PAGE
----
Is ACL reconstruction surgery right for you?
The anterior cruciate ligament, also known as the ACL, is situated in the front of the knee and enables the knee to move back and forth, in conjunction with the posterior cruciate ligament. When injured, the patient’s knee may become unstable and, in serious cases, the tibia bone may be able to slip out of place.
Although ACL injuries account for a significant number of knee injuries, not all patients will require ACL reconstruction surgery. Grade 1 and Grade 2 sprains may be treated with a mixture of rest, anti-inflammatory medication and, if necessary, physiotherapy.
When there is a substantial partial or complete tear of the anterior cruciate ligament, however, ACL reconstruction surgery is often necessary. Without treatment, patients may experience pain, swelling, reduced movement and ongoing discomfort.
Who is eligible for ACL reconstruction surgery?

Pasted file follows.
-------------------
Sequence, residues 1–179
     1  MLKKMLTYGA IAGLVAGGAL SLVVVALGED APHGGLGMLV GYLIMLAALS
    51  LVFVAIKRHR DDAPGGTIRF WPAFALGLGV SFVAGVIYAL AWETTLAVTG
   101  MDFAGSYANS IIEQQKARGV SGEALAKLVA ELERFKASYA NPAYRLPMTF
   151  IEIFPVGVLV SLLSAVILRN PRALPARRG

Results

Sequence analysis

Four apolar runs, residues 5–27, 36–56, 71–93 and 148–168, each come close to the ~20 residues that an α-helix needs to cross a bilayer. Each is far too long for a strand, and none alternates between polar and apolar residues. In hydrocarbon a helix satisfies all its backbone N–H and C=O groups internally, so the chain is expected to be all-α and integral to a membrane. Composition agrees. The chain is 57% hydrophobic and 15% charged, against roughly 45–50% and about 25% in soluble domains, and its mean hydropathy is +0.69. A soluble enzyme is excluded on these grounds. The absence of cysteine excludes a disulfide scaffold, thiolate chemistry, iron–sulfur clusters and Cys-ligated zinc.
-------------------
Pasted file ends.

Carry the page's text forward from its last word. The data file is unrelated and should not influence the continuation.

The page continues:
Before undergoing ACL reconstruction surgery, your physician will assess your overall health to determine whether or not you’re a candidate for surgery. As ACL reconstructions are generally performed via keyhole surgery, the operation is not considered to be particularly invasive.
As ACL injuries often occur during sports or exercise, a considerable number of patients may be keen amateur or professional sportsmen and women. If you want to return to sport after an ACL injury, it is particularly important to obtain the appropriate treatment as further use of your knee could exacerbate the damage and may cause additional injuries to occur.
How long does it take to recover from ACL reconstruction surgery?
In most instances, surgeons cannot simply stitch the anterior cruciate ligament back together, so a graft is required. Once in place, new tissue will grow on and around the graft, providing stability to the knee joint.
In general, recovery from ACL surgery can take between two and six months, although it may be longer until you’re able to perform sports at your usual standard. However, each patient is different and may require different forms of physical therapy before they regain a full range of motion in the knee.